Here’s Jon Sanbonmatsu’s reply to Lierre Keith’s “The Vegetarian Myth,” reprinted in full from here. The original was hard to read for me, so I thought this might help (to wit: paragraph breaks).

“Blood and Soil”: Lierre Keith, Michael Pollan, and the Trouble with Locavore Politics

          Until very recently, the terms of what we might call human species right – the perceived, autogenousRecht of our species to appropriate, exploit, torment, and kill other sentient beings for any and all purposes, forever – were seen as natural and immutable, and so went unquestioned.[i] In the late 20th-century, however, an international social movement for animal liberation arose to challenge the terms of this presumed right, suggesting that it is both possible and desirable to forgo enslaving and killing other beings, for our sake as well as theirs. Yet even as that movement struggles to find its way in the teeth of government repression, widespread social prejudice, and an entrenched corporate-capitalist system based in animal exploitation, a group of intellectuals has risen up in determined political reaction against it. Like those who earlier mocked suffragism, opposed the abolition of slavery, or lifted their pens to decry civil rights for blacks, today’s anti-animal critics would discredit the movement before its critique can gain traction in the wider culture. Despite the shoddiness of their arguments, these critics find credulous readers, not because of the quality or novelty of their ideas, but because their prejudices happen to coincide with the bad conscience of the majority. (more…)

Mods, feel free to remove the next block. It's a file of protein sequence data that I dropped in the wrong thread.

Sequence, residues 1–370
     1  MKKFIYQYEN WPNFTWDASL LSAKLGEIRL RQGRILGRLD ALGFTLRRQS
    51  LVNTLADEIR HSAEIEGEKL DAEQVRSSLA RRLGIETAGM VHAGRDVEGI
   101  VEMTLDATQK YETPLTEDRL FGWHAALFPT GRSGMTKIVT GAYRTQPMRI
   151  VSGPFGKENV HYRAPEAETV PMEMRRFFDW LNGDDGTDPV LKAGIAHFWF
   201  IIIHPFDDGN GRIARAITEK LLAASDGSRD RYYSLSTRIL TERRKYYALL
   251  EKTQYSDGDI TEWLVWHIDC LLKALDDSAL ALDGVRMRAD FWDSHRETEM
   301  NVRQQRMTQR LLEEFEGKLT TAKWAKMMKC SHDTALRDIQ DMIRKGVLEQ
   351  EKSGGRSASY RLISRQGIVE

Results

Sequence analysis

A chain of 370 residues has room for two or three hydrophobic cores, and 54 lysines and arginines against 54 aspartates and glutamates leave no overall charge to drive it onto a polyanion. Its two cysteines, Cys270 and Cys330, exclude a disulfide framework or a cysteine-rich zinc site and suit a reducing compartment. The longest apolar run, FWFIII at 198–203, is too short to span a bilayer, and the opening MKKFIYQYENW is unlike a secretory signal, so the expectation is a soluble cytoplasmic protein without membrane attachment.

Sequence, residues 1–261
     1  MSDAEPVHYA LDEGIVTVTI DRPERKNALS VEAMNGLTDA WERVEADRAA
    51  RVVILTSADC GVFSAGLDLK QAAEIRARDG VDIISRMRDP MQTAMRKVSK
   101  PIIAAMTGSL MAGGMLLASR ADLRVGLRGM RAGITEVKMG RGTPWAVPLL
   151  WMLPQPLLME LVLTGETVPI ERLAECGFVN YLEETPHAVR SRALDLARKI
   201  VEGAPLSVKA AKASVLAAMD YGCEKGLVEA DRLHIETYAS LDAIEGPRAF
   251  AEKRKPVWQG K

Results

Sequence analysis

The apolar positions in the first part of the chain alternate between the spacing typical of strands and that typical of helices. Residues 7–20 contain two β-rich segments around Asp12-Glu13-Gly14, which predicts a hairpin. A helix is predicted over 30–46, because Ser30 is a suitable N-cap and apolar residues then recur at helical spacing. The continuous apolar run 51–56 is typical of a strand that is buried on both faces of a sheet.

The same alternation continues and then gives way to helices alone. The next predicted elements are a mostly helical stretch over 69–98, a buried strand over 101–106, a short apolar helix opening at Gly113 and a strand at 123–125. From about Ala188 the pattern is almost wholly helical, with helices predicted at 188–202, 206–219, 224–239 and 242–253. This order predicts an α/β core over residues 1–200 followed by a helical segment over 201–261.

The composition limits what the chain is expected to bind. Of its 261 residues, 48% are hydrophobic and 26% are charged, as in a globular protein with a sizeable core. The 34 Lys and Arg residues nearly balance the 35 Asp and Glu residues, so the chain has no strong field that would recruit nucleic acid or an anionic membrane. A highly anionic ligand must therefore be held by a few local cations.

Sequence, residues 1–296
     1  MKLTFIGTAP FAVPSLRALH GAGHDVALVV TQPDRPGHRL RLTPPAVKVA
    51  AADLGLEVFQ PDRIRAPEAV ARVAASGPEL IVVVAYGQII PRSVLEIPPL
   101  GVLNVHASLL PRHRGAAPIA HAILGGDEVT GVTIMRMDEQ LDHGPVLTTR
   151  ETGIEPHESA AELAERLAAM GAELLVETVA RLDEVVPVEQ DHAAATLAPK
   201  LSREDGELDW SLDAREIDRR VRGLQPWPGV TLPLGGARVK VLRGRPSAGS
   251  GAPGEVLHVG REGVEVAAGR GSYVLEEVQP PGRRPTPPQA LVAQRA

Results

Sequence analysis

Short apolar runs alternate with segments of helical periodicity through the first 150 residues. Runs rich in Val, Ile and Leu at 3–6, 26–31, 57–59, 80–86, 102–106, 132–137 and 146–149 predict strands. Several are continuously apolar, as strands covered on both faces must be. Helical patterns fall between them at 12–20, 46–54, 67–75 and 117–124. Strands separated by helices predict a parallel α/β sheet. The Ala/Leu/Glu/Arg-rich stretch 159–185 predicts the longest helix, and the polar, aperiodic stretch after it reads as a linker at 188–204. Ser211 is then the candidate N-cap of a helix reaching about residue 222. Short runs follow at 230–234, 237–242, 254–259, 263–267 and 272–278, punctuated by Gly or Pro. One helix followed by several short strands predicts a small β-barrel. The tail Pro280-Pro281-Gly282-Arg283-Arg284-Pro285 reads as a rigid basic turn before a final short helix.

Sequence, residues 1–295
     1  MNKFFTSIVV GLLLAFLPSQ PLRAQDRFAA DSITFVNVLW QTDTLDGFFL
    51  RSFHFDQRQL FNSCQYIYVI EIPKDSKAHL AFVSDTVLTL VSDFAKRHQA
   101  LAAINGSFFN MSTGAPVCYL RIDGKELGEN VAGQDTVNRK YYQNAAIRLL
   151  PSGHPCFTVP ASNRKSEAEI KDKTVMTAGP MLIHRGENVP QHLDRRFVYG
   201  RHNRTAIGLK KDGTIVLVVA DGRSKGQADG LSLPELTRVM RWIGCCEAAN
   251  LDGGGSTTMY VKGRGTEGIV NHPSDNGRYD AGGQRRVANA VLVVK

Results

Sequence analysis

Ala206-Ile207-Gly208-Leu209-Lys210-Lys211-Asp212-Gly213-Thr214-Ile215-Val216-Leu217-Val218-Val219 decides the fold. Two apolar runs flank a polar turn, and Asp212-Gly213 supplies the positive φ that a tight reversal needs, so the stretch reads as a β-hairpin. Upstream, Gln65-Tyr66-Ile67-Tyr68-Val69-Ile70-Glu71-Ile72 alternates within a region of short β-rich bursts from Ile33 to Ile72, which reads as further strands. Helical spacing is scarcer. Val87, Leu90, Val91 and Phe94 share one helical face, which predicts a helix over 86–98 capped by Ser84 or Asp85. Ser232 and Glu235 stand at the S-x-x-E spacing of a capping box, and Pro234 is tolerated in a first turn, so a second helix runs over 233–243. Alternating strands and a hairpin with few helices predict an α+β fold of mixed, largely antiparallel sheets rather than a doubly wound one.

Took the streets on the way to one of the Oakland public schools slated for closure and had a speak-out with teachers, parents, kids, and allies. Folks marched back to 19th and Telegraph, removed fencing and tore down the “No Trespassing signs” (and put one in the window of the truck driving the mobile sound system). And set an encampment back up in a vacant lot in Uptown, followed by a motherfucking dance party in the rain.

Hella hella occupy.

I still love it:

We fought our way through their lines to the opera house and took it over, and held discussions there twenty-four hours a day as to what that world could be.

I want to write something in depth about my experiences in and around Occupy Oakland — including last Wednesday’s strike, which successfully shut down the Port of Oakland and was the most inspiring action I’ve ever been a part of, and the fallout from other actions later in the night — but for now, here’s an excellent piece:

The unacknowledged assimilation of peace with pacification will only fetter the movement’s potential, by keeping us bound to and within the bounds of the dictates of order. This is not to celebrate an equally unthinking embrace of property destruction or overly confrontational tactics. But we must create space for a diversity of tactics—not, as some have suggested, as code for the legitimation of violence—but as a necessary corollary to the diversity of this movement itself.

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